This article addresses a very important issue for families with family members that require in-home care and would like to shelter funds from oppressive long-term care costs.
Elder law attorneys help clients address matters that are of interest to seniors, and long-term care is at the top of the list. Most older people will need long-term care eventually, and more than half of them will require assistance that is provided by a professional caregiver.
Medicare does not pay for the custodial care that you would receive in a nursing home, and it does not cover in-home care. This is a pretty big deal because the average monthly charge for a private room in a Staten Island nursing home was just under $13,000 last year.
The average length of stay is 12 months, but 52 percent of people that receive paid care require the assistance for more than a year, and 13 percent incur the bills for more than five years.
Genworth Financial has provided the average cost figures, and they found that the average monthly charge for an in-home health aide in Staten Island last year was $4957.
Medicaid and Community Medicaid
Medicaid will cover long-term care if you can gain eligibility, and there is a Community Medicaid program that will pay for in-home care. Since Medicaid is only available to people with limited resources, there is a $15,900 asset limit in New York in 2021.
There has always been a five-year look back period for Medicaid eligibility. It is natural to consider gift giving if and when you find out that you need long-term care. You would essentially be giving your loved ones their inheritances in advance.
This would be an overt example of “playing the system,” so there is a rule in place to prevent reactive divestitures. There is a five-year look back period, so you cannot qualify for Medicaid if you give away assets within five years of your application date.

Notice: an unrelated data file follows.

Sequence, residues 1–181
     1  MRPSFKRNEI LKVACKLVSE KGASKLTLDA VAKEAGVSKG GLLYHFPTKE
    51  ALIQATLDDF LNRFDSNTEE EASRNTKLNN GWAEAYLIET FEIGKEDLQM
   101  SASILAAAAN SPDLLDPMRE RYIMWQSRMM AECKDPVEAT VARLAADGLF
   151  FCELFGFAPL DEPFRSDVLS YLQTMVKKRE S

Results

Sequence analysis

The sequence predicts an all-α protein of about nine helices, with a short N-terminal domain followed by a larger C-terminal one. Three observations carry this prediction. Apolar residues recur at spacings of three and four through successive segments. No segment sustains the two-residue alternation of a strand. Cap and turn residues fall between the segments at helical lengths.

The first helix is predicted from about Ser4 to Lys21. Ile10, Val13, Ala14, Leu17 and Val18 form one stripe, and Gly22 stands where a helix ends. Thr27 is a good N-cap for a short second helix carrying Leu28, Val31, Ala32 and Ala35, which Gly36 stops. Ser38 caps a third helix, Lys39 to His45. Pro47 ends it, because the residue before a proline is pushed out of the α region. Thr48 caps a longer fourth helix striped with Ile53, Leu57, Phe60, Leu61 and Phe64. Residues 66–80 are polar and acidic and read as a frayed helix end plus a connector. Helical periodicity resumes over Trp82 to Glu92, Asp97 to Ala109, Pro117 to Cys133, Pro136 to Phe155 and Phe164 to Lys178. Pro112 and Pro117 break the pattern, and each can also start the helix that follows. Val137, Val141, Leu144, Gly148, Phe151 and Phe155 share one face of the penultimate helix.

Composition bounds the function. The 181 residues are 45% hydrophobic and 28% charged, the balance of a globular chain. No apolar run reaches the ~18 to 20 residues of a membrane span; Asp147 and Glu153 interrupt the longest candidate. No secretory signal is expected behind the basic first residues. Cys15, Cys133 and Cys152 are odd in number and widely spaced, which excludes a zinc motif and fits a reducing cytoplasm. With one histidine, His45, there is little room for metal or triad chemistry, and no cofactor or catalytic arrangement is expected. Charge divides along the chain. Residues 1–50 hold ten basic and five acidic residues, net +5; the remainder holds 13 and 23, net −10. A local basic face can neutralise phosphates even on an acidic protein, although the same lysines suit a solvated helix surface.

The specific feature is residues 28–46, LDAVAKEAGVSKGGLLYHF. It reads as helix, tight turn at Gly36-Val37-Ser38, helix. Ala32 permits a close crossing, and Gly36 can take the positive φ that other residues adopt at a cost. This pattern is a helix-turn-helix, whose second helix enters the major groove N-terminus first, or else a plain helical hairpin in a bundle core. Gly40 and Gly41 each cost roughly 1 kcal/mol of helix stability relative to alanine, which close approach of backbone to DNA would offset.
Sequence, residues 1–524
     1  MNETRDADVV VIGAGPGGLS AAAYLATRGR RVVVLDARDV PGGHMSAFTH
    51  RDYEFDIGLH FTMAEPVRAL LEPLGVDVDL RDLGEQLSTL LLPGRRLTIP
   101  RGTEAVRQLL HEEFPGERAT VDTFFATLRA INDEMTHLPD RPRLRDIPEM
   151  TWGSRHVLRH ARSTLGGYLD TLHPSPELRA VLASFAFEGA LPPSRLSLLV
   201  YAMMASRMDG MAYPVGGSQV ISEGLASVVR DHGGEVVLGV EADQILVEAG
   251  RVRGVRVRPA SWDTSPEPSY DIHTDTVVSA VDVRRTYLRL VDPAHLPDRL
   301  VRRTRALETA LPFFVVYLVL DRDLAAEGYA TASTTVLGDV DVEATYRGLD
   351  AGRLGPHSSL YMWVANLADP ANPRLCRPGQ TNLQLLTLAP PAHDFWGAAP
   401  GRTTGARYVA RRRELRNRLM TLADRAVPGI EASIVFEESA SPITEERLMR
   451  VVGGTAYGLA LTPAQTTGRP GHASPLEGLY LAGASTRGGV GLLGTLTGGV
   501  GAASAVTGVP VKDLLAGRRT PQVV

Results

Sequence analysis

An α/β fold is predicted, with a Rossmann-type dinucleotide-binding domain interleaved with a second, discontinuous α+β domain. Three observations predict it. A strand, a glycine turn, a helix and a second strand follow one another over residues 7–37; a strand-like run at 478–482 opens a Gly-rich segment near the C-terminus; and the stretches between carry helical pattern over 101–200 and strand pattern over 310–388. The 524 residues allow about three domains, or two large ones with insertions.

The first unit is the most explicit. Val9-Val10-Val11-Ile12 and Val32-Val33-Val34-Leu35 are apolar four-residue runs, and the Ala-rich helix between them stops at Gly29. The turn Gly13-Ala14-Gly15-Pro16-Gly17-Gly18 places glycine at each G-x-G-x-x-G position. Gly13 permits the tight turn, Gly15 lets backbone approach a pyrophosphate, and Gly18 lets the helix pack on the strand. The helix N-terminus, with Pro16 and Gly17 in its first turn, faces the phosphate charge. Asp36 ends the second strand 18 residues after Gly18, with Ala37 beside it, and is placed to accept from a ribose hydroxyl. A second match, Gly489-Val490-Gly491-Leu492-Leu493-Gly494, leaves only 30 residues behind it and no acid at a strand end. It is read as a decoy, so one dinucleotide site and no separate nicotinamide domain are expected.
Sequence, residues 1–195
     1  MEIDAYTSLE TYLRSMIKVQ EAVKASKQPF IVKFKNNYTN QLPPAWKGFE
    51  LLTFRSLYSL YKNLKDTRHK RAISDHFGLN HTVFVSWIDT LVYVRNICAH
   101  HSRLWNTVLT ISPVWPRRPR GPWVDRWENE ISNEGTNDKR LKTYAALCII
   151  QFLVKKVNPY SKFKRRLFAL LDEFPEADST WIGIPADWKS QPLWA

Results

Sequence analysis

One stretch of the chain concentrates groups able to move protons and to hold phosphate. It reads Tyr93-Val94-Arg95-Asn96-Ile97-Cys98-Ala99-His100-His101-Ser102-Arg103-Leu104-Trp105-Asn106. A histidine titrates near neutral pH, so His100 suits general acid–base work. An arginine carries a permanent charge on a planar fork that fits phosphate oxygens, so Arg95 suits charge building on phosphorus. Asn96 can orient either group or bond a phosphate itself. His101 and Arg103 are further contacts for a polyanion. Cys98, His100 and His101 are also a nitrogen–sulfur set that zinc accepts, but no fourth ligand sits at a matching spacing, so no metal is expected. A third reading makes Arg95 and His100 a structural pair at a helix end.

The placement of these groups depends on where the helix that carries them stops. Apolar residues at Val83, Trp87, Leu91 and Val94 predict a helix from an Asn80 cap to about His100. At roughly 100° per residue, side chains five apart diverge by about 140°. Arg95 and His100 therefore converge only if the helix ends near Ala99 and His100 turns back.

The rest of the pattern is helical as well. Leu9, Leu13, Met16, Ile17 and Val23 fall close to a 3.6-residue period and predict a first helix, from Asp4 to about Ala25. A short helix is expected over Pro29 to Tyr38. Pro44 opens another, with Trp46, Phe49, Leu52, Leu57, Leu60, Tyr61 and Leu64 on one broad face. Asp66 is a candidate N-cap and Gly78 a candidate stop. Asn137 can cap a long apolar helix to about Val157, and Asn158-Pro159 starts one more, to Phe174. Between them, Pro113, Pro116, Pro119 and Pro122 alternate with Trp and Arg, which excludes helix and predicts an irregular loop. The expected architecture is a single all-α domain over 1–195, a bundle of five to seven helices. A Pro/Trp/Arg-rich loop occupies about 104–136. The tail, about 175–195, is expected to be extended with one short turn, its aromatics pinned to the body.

Your eligibility would be delayed by a period of time that is based on the cost of nursing home care in New York.
For example, if the cost is $13,000 a month, and you give away $130,000, you transferred enough to pay for 10 months of nursing home care. As a result, your eligibility would be delayed by 10 months.
Look Back Period for Community Medicaid
Traditionally, there has not been a look back period for Community Medicaid in New York. You could give assets to your loved ones and gain eligibility without being penalized.
However, a significant change was implemented in 2020, and a 30-month look back was supposed go into effect on October 1 of that year. However, the COVID-19 pandemic came along, and the Families First Cares Act was enacted on the federal level.
Under a provision in the measure, states cannot restrict Medicaid eligibility during the pandemic. This was interpreted to apply to the pending implementation of the look back period for Community Medicaid in New York, and the protections have been extended.
The date of the look back implementation has been pushed back a few times, and Western New York Law Center has been providing updated information about the situation. They have learned that the implementation of the look back will be delayed until April 22nd of next year at the earliest.
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